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The hock is the joint that is about half way down the back leg and most closely resembles the bent elbow of a human. The hock is the joint that gives the horse thrust by straightening out the leg either for forward or upward movement. Since the weight of the horse in turns and forward and upward movements is on the hock, good conformation is essential to ensure that the joint will stay strong and solid throughout the horse's life.
There are several different conformation problems that can occur, most which are congenital or are present from birth. One problem is hocks that are too straight, which is known as post legged. These horses have little thrust and often have poor pastern positioning, resulting in joint and foot problems as the horse ages.
Sickle hocks are the opposite problem to a post legged horse. A horse with sickle hocks has too much bend in the hock, leading to a bowed shape in the lower leg rather than the correct conformation. In severe cases of sickle-hock the horse appears to be pulling the bottom of the leg, known as the cannon bone, up and under the body. [...]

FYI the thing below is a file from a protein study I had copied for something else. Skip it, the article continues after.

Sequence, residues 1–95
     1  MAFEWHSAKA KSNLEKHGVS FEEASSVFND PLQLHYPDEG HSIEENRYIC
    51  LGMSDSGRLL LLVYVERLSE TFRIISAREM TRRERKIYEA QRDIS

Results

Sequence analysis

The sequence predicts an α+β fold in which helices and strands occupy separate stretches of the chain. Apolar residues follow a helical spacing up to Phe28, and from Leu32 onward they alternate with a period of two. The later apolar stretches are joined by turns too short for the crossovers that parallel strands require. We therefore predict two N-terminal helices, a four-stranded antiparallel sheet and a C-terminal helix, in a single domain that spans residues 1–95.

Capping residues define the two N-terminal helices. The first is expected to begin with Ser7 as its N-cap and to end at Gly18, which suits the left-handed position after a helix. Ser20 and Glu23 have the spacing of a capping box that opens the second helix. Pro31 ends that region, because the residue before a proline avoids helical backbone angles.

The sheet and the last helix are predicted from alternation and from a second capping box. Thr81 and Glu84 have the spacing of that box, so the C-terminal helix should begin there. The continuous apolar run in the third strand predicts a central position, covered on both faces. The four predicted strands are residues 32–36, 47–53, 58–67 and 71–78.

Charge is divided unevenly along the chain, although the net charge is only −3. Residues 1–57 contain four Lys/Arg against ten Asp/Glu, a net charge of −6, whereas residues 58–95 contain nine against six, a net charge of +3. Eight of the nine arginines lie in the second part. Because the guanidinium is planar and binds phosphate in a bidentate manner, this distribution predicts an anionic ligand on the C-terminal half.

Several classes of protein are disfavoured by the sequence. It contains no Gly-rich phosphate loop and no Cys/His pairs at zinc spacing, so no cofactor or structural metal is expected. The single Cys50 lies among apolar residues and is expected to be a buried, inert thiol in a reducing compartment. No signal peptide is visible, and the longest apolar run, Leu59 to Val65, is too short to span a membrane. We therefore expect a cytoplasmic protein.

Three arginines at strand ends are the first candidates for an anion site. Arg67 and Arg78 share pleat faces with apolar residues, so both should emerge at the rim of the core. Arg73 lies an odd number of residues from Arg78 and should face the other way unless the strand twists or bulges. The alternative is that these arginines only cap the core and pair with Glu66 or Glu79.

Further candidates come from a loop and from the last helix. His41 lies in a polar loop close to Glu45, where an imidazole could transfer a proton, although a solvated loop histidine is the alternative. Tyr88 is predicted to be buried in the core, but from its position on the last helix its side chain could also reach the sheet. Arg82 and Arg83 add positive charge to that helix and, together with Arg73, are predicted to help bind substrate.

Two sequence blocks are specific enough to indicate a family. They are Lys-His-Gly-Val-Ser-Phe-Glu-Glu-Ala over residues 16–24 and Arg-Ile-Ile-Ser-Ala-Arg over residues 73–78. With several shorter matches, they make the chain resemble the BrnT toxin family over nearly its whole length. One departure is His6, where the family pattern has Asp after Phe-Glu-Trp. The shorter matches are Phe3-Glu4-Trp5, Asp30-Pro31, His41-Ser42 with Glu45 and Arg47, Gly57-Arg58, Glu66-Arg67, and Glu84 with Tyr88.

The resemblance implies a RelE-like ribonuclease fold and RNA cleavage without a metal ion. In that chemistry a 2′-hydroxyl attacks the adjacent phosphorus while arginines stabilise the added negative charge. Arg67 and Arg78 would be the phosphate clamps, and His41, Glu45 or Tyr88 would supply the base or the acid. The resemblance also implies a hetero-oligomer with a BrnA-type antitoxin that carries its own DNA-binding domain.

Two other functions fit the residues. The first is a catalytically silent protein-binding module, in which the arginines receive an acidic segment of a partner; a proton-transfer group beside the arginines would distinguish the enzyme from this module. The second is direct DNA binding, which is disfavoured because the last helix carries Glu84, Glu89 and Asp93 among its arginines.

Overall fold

The Labrador Retriever is a basically healthy dog, however with any dog there are some conditions that can be problematic. The Lab, much to the credit of the breed, doesn't have some of the very serious genetic conditions found in other breeds. There are, of course, several hereditary conditions that can be difficult for the dog and the owner to deal with, however most are not life-threatening. [...]